As mentioned at the top: these issues of mine are fixed by subscribing to a third party service. But those services add cost and have other bells/whistles we may or may not want. Not a customer-friendly approach by Iridium.

What’s next?

Well- hopefully, lots of updates to the Iridium apps are what’s next, but that’s unknown. Here’s what we do know and are excited to try out:

Offshore app for i-devices. PW’s Offshore app isn’t just for desktop anymore: they also have apps for iPad/iPhone. It’s tuned to work with GO!, just like the desktop version, and brings new functionality to our iPad. May 2016 update: we made active use of the new Offshore app while sailing from South Africa to the Caribbean, and it was fantastic! For screenshots and information, see this post about Weather and Communications on a Passage.

Saildocs catalog. Now Winlink users can now access the catalog of products in Saildocs with GO!, using RMS expressGO! (it’s been available to Sailmail users with the latest version of Airmail software for a while). May 2016 update: unfortunately… not a win. RMSexpress works occasionally but not consistently. On the other hand, we can use our Iridium inbox to submit Saildocs requests, too.

[Summer 2017 update: a new satellite constellation is being put in place by Iridium, and new– faster— service is coming, probably sometime in 2018. It’s not clear what the pricing or hardware will be, but good to keep in mind if you’re making plans.]

46 Responses

  1. Wonderful info, Behan, as always!! As new GO! users, we found PW is be very helpful with their customer service. However, a question about blogging using the GO! product was not helpful to date.

    Blog post request? How you are able to effectively write blog posts and upload them through your GO! Thank you, Carla. S/V Mahi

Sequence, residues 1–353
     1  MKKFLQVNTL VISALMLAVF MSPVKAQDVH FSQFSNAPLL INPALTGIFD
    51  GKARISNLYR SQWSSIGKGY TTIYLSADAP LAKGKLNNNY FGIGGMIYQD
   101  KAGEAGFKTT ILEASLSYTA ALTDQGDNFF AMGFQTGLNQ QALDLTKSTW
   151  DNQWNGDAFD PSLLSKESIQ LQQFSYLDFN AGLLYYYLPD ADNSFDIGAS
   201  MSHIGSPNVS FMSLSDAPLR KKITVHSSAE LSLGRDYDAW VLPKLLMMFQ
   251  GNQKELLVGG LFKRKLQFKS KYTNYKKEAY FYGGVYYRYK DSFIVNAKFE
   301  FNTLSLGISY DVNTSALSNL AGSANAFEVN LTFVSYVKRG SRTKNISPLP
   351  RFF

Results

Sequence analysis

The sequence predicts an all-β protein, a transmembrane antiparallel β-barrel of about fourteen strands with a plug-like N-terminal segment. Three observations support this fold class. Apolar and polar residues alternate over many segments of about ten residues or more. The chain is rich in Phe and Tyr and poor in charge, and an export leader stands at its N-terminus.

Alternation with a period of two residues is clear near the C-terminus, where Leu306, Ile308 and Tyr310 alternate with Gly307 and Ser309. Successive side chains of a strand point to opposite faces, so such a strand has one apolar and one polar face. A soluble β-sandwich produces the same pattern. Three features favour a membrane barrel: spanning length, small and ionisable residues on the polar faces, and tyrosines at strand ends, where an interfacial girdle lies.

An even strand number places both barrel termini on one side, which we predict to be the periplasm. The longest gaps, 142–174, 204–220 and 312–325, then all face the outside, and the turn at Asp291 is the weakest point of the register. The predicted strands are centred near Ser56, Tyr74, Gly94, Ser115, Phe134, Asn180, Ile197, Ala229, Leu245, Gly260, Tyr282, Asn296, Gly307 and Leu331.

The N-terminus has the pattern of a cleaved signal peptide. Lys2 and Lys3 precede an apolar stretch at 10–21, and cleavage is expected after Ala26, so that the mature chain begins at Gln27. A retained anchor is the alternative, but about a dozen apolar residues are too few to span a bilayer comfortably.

1. Hey Carla. Most blogging platforms I know accommodate post-by-email. That means it’s very easy to post to your blog through the GO! because all you have to do is send an email to a unique address that results in a post to your blog. The specific way that’s accommodated varies based on your blog platform- WordPress, or Blogger, or whatever. That’s really a question for your blogging platform, not PW.

  2. This post comes at such a good time for us! We’ve been on the fence about this product. We learned this summer how annoyingly attached we are to instant weather information, and we really like the way PW lays out their data. The weather routing stuff would be super-helpful to our newbie cruiser brains, as well. But the cost has us hesitating, and we’d hoped they could fix their Facebook problem–we have more than one family member who would appreciate some kind of daily update, and Facebook would be the easiest way for us to do that. Most likely we’ll wait until we’re headed to low-internet lands (I’m looking at you, Cuba) before we pull the trigger. Thanks, Behan!

    1. Hey Deb, glad this helped. Re: Facebook, this problem is that it’s not IRIDIUM’S problem. It’s Facebook. Iridium tried to piggyback on FB funcionality that was killed off. And FB, unfortunately, is data intensive: direct access via sat connection is just not a really great idea, and I wouldn’t expect Iridium to fix this (although I would expect them to remove dead functionality from their product software and literature after it hadn’t worked for more than a year!). But you CAN post to Facebook, you just have to look out of the box a little. Check out you can set up a “recipe” that lets you post to FB through IFTTT. Or, if you use Twitter, set up Twitter to publish to your Facebook page or profile. There are a few ways to work around the limitations of direct GO to FB, basically, and it shouldn’t be a barrier per se.